• She always tried to maintain an eye contact for at least several seconds while interacting
  • Think about SOPs in your clinic/unit/work and identify some processes where you may be required to stop eye contact in order to do something else – i.e to use computer to enter specific information while talking with the patient, to use certain medical tools, etc. Can such distractions/interruptions be avoided/minimized to ensure we have our attention toward the patient?
  • How do you think therapists/psychologists are solving the puzzle of eye contact when they are meeting patents?
  • How to behave with children or adults who escape the direct eye contact?
  • Which visuals we may think of using to avoid “too much” eye contact so as not to lose their engagement and keep their attention?

11. Use of Objects

  • Tornike likes when they use visual when explaining something – such as a photo or a model
  • He is not good in using visuals himself but he like when other use those when delivering messages to him
  • For Tina it’s important to touch the model/visual – so she likes when she is allowed to do that
  • She likes the visuals that are more interactive rather than just a photo – as she enjoys “experiencing”, touching, using those, rather than only looking
  • Think of the objects/visuals you may be able to use to explain something – screens, models, photos, etc
  • How do you think the objects you possess at hand may influence the communication?
  • Should we consider drawing something on the whiteboard on on the paper together with the patient as an object/visual? How effective do you think such visuals are when created together with a patient?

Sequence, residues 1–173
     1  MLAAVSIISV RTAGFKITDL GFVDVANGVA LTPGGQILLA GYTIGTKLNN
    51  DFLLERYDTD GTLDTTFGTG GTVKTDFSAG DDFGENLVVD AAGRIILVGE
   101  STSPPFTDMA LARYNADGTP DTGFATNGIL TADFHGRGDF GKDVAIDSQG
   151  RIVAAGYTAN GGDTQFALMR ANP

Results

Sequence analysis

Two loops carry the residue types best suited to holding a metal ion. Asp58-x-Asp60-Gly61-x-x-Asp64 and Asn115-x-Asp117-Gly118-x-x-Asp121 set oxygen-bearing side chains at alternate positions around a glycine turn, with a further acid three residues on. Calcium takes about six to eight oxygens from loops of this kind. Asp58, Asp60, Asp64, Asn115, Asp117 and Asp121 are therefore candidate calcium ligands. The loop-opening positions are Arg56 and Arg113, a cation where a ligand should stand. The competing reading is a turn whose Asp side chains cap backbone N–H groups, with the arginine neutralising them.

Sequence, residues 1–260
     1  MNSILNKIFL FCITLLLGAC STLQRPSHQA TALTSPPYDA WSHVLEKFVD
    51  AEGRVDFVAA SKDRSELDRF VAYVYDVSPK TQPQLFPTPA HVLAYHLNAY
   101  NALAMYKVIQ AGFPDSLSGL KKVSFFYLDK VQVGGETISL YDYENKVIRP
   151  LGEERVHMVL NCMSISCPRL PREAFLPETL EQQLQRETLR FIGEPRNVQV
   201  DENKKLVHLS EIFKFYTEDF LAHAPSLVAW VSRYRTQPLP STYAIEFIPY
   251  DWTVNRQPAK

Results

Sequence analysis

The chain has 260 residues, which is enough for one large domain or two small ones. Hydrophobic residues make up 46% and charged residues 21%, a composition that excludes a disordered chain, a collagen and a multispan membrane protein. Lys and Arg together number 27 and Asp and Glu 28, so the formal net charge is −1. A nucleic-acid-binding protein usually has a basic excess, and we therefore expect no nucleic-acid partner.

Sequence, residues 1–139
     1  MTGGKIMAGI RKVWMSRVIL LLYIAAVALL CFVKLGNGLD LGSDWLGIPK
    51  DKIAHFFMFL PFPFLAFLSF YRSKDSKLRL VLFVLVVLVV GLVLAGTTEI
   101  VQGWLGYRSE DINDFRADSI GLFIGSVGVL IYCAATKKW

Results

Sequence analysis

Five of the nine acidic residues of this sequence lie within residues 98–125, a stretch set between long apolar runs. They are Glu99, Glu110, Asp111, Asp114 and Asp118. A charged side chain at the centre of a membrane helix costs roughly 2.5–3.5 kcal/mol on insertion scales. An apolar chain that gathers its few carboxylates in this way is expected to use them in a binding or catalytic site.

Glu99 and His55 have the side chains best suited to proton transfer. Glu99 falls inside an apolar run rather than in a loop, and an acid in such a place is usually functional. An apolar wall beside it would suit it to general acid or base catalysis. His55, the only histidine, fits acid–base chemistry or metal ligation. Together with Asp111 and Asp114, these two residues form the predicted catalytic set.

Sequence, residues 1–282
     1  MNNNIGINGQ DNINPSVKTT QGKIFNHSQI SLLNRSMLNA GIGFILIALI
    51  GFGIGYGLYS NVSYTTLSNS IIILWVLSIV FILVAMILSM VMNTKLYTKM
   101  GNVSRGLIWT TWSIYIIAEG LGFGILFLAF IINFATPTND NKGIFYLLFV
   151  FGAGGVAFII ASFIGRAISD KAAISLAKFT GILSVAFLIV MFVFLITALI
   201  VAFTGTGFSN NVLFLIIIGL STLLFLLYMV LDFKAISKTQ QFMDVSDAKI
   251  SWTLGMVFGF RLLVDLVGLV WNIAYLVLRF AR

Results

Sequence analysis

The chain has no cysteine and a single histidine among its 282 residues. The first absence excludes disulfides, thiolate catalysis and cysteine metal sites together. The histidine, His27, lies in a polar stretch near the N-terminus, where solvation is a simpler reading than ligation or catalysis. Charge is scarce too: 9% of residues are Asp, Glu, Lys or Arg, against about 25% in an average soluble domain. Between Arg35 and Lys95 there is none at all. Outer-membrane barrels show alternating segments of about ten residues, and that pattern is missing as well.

12. Use of Own Body

  • Tornike considers it really rude to stretch or crack fingers, or to applause, etc when communicating
  • For him use of own body in such a manner is not appropriate at all
  • For Tina it’s natural to clap hands or express her emotions in some other forms with her body – she may even jump when she’s happy
  • She is never hesitant to use her body as she thinks is the best to express her emotions and she welcomes the same behavior by the others.
  • Think of various norms that affect use of one’s own body in various cultures. Think of the differences and similarities. What are some of the norms in your current social environment? How different are those from the environment in some other countries where you have lived/worked?

Task to Prepare

The task for the next session is for EVERY student in each team to choose one out of the twelve components of nonverbal communication discussed in this module and then to answer the questions that are asked at the end of each component description.

Each speaker will have very limited time of up to 2 minutes max to address the questions and provide examples or argument the answer as applicable.

For a student to receive a grade for this task, the class participation is required with camera/microphone turned on when presenting. Each student presenting should have ONE SLIDE prepare with his/her name on it and with his/her answer – brief bullet points are acceptable, no need for lengthy answers as the time doesn’t really allow that.

Looking forward to seeing you in class with your thoughts and answer on the questions raised above!